Here’s Why Procter & Gamble is Dissing the U.S.

In 2007, legendary commodity investor Jim Rogers moved to Singapore. He saw great opportunities in the region and decided to take action. In an interview with MoneyWeek, he explained, “Asia is extremely exciting. It’s like moving to London in 1805 or New York in 1905. The future is Asia.” Apparently, Procter & Gamble Co. (NYSE:PG) feels the same way.

On Thursday, the consumer products giant announced it is relocating its global skin, cosmetics and personal-care unit from its Cincinnati headquarters to Singapore. The move will take around two years and see about 20 employees move to the new location. However, not everyone will be making the move. Virginia Drosos, the president for the global skin care unit, decided to retire rather than move her family overseas. “She has aspirations to lead another company but right now she’s going to be very focused on transitioning these businesses to their new leader,” a spokesperson for P&G said.

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Why did P&G decide to relocate across the globe? One reason is that the Asian beauty market is growing quickly and the company wants to be closer to its customer base. According to the Euromonitor, the Asia-Pacific region accounts for nearly half of the world’s $96 billion market for skin care. In 2011, the region grew almost $5 billion to account for $42.3 billion, compared to $37.6 billion in 2010. Management’s ability to recognize a growing market and move closer to it bodes well for longer-term success and also satisfies our A= ‘A-Level Management Runs the Company’ in our CHEAT SHEET investing framework.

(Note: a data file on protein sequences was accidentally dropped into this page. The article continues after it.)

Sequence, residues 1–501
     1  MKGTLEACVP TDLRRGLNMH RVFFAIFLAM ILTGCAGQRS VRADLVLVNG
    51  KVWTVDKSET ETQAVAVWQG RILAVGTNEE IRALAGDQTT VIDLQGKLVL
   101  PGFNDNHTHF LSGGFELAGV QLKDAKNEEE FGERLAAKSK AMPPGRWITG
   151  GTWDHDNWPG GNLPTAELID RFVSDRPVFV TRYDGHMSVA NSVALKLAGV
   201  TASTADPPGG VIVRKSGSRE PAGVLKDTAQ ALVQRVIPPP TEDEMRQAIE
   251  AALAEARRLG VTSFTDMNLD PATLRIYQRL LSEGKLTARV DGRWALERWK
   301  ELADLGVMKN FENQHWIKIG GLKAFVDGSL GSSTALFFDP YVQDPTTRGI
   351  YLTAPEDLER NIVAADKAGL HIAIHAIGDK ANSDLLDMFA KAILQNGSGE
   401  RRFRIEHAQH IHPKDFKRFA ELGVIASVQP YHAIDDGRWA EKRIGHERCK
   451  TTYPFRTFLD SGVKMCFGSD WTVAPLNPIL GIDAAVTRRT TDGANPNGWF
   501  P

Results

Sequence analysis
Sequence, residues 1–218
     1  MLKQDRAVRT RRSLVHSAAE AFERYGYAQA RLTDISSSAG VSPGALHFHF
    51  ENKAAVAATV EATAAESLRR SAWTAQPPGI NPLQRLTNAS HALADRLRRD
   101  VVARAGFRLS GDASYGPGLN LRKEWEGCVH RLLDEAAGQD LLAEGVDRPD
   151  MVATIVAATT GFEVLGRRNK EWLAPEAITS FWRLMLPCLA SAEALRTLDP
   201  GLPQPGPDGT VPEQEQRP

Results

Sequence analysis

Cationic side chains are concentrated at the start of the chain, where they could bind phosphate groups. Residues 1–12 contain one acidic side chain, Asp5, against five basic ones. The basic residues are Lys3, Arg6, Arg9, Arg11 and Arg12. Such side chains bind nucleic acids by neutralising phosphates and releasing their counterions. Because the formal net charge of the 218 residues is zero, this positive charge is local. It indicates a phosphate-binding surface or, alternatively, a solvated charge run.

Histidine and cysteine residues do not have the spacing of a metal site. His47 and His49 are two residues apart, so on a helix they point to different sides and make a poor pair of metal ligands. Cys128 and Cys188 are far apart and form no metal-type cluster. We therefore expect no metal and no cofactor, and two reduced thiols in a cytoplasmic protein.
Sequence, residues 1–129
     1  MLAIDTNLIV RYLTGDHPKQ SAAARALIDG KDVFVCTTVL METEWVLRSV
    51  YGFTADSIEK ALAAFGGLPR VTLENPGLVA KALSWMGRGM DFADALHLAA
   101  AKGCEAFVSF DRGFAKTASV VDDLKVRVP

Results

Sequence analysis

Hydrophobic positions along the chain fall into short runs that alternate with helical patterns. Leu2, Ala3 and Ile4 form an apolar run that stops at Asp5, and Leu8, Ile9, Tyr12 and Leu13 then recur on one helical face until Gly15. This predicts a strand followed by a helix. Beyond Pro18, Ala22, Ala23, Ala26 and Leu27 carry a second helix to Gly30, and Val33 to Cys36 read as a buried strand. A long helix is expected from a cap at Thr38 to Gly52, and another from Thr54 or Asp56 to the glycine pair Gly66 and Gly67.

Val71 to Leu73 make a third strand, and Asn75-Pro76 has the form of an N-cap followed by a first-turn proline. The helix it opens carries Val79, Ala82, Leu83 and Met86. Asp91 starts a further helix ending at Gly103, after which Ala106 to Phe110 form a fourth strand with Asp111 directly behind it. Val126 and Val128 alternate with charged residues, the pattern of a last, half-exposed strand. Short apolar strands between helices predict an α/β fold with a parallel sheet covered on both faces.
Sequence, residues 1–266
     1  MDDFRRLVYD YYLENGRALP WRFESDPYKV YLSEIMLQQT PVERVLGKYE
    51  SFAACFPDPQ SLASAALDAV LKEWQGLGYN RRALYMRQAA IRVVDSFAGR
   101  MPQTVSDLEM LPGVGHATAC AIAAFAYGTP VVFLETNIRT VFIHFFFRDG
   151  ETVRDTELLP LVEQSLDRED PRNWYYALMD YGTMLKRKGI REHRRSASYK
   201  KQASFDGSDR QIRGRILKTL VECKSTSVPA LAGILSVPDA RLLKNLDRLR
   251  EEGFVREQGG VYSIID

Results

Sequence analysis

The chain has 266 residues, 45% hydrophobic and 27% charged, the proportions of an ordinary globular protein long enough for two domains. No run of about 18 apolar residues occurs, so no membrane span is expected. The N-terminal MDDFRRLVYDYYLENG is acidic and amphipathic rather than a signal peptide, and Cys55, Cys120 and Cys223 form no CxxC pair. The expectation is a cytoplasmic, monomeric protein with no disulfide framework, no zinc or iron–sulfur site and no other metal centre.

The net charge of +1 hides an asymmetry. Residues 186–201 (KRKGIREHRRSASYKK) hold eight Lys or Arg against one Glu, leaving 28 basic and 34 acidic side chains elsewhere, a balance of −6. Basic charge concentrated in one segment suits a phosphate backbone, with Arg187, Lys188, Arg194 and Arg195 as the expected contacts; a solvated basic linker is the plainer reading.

In addition to fueling future beauty sales, the move to Singapore is also likely to bring tax benefits to P&G. While the headline corporate tax rate in the United States is 35 percent, it is only 17 percent in Singapore, down from 25.5 percent in 2001. Bob McDonald, P&G’s President and Chief Executive Officer, has been active in the past in regards to lowering America’s corporate tax rate. In March, he participated in a meeting with a dozen other CEOs in order to push for a headline corporate tax rate of 25 percent. However, through corporate tax loopholes, P&G reported a tax rate of about 22 percent last year. For the annual period ending Jun 29, 2011, the company posted nearly $15.2 billion of income before taxes, but reported $3.4 billion in tax expenses. Even with the loopholes, P&G still looks poised to reduce its tax burden in Singapore.

Shares of P&G climbed nearly 1 percent higher on Thursday. It was one of the best performers in the Dow Jones Industrial Average, behind Pfizer Inc. (NYSE:PFE), Chevron Corp. (NYSE:CVX) and Coca-Cola Co. (NYSE:KO). However, shares have fallen 3.85 percent year-to-date. For the most recent quarter, P&G reported earnings of $2.41 billion, representing a 16.1 percent decrease from a year earlier. The financial results also prompted a downgrade from Wells Fargo & Co. (NYSE:WFC) analyst Timothy Condor, citing falling operating margins. Earlier this week, Warren Buffett (NYSE:BRKA) was asked about his position in P&G and admitted to still being a long-term holder of the stock, but would not answer if he might consider selling shares.

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